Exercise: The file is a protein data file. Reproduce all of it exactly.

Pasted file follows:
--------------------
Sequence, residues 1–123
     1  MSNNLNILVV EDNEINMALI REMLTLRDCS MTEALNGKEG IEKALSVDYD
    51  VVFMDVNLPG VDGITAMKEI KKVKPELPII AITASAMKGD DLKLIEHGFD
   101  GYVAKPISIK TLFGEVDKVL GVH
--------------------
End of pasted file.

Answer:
Sequence, residues 1–123
     1  MSNNLNILVV EDNEINMALI REMLTLRDCS MTEALNGKEG IEKALSVDYD
    51  VVFMDVNLPG VDGITAMKEI KKVKPELPII AITASAMKGD DLKLIEHGFD
   101  GYVAKPISIK TLFGEVDKVL GVH